# What is the difference between f(x) =[|x|] (floor function) and f(x)=x-[|x|] (fractional part)?

I'm studying Calculus. My teacher gave us a couple of exercises: first, prove $$\lim_{x \rightarrow a}\,[|x|]$$ (floor function) exists for values of $$a$$, and second, prove $$\lim_{x \rightarrow a}\,(x-[|x|])$$ (fractional part) exists for values of $$a$$. I know the definition for limits, I mean, the right and left sides must be equal. But, how do you find the interval for each one? How do you prove each limit for values of $$a$$? I think that it doesn't exist at all.

I assume that by $$[|x|]$$ you mean the floor function, more commonly denoted by $$\lfloor x\rfloor$$.

Both floor and ceiling functions are continuous on any interval of the form $$(n,n+1)$$ for $$n\in\mathbb{Z}$$. In fact they are constant there. And so your $$f$$ is continuous on them as well. Meaning the limit exists for any $$a\not\in\mathbb{Z}$$.

Now for $$a\in\mathbb{Z}$$ note that if $$\epsilon>0$$ is sufficiently small (i.e. $$\epsilon<1$$) then $$f(a-\epsilon)=1-\epsilon$$ while $$f(a+\epsilon)=\epsilon$$. And so $$\lim_{x\to a^-}f(x)=1$$ while $$\lim_{x\to a^+}f(x)=0$$. Is it correct?, how do you prove the other case?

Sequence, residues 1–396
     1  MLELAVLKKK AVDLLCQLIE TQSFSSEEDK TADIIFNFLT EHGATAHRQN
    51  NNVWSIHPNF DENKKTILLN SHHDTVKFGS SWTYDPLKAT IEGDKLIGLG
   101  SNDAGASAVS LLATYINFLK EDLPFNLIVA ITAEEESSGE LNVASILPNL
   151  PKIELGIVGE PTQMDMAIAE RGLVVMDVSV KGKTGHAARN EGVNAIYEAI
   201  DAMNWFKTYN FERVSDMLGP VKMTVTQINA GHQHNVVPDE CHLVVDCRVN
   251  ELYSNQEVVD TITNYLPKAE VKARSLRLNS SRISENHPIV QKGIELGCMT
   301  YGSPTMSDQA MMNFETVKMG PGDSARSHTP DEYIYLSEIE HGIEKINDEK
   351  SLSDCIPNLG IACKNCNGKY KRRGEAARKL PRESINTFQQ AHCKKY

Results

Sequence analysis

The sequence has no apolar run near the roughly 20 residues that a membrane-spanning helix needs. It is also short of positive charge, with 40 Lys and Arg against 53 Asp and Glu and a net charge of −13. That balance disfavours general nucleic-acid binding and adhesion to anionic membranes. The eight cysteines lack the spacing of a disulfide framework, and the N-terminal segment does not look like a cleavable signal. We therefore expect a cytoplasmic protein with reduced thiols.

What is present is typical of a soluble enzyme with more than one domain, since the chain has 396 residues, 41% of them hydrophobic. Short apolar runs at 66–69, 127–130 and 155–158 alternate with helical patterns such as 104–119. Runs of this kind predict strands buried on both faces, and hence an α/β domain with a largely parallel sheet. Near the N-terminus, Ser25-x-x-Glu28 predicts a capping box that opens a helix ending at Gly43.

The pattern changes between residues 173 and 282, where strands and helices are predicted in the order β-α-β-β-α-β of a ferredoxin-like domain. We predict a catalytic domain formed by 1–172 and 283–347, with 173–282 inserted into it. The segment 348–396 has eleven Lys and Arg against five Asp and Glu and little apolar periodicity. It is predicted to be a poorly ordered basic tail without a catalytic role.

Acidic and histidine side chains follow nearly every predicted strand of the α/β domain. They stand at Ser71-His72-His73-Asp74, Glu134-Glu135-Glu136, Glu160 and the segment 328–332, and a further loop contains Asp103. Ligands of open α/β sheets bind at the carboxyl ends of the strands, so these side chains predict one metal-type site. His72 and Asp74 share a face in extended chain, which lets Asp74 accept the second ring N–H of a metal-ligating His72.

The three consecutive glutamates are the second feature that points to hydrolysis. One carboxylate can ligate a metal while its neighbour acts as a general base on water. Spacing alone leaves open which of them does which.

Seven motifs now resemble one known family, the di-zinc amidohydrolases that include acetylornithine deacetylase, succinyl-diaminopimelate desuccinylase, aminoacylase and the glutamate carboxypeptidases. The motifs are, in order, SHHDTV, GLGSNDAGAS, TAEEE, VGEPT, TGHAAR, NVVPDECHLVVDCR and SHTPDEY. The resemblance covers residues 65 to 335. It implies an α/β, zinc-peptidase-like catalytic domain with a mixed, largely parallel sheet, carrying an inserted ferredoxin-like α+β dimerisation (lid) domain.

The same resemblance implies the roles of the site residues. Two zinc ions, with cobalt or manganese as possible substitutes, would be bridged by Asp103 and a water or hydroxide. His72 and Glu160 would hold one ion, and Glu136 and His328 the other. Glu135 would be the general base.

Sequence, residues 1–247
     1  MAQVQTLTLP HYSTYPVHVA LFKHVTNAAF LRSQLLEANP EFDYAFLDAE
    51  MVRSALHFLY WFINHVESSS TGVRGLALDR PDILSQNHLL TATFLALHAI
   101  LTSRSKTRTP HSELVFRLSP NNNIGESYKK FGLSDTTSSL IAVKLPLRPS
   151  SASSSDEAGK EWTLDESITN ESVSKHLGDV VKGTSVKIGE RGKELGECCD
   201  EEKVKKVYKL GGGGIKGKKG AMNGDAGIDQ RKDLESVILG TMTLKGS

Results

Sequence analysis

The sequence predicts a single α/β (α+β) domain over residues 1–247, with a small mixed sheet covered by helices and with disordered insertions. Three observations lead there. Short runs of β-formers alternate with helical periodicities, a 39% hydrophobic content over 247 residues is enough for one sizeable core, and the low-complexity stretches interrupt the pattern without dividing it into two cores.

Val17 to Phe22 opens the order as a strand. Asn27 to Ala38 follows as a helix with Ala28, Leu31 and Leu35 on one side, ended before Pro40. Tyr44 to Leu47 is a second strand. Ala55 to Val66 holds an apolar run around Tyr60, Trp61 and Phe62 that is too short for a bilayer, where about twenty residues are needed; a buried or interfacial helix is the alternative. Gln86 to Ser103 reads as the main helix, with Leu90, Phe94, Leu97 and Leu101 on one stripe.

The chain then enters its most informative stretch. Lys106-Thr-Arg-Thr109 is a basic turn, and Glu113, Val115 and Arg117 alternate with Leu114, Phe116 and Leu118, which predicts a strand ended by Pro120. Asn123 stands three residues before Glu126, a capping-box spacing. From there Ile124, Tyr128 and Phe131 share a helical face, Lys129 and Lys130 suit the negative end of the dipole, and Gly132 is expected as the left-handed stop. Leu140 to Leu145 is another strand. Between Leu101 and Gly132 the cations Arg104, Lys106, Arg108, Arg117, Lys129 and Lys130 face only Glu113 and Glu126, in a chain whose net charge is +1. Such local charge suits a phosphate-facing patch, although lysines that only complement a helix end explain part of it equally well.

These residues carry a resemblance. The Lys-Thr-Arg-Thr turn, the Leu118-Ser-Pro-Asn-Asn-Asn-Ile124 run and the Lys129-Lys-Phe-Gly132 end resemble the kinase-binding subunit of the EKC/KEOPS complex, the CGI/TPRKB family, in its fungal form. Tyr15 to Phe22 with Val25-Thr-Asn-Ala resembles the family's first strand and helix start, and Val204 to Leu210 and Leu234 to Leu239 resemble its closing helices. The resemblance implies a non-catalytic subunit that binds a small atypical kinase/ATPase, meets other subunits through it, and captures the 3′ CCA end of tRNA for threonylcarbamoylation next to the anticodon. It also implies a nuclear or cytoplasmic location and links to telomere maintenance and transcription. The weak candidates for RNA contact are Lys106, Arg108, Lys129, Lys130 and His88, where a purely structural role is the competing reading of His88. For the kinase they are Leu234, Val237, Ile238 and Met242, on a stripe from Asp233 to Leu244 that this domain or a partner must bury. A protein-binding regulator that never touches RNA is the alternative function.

Note that the floor function is continuous for $$x \notin \mathbb{Z}$$.

If $$n \in \mathbb{Z}$$ then $$\lim_{x \uparrow n} \lfloor x \rfloor = n-1$$ and $$\lim_{x \downarrow n} \lfloor x \rfloor = n$$, hence the floor function is not continuous at $$n$$.

Since the function $$x \mapsto x$$ is continuous, it follows that $$g(x)= x- \lfloor x \rfloor$$ shares the same points of continuity and discontinuity as the floor function.

To elaborate, if $$x \in (n,n+1)$$ for some $$n \in \mathbb{Z}$$ then $$g$$ is continuous and $$g(x) = x-n$$. Hence, $$\lim_{x \uparrow n} g(x) = 1$$, $$\lim_{x \downarrow n} g(x) = 0$$, so $$g$$ is not continuous at the integers.

• Ok. So Does it mean $$lim_{x \rightarrow a-} (x-[|x|]) \neq lim_{x \rightarrow a+} (x-[|x|])$$ ? Right? Apr 17, 2020 at 9:33
• @Charlie, it is correct if a is a non-zero integer.
– Koro
Apr 17, 2020 at 11:39
• Sure thanks. Just Im wondering what is the difference in the use of notation, up arrow and down arrow. But I found the answer right here math.stackexchange.com/questions/124489/limits-notation Apr 17, 2020 at 11:43

Let $$f(x) =[|x|]$$. If $$a\ne 0$$ is an integer then, $$\lim_{x\to a^{-}}f(x)=a-1$$ and $$\lim_{x\to a^{+}}=a.$$ Hence, $$\lim_{x\to a^{-}}f(x)\ne \lim_{x\to a^{+}} f(x)$$.
Notice that for all $$x\ne0$$, $$0\le f(x) \le |x|$$ By squeeze theorem, $$f$$ has limit 0 at x=0.
Now show using epsilon delta definition of limit that if $$r$$ is a non integer point then $$\lim_{x\to r}f(x) =[r]$$ Can you take it from here?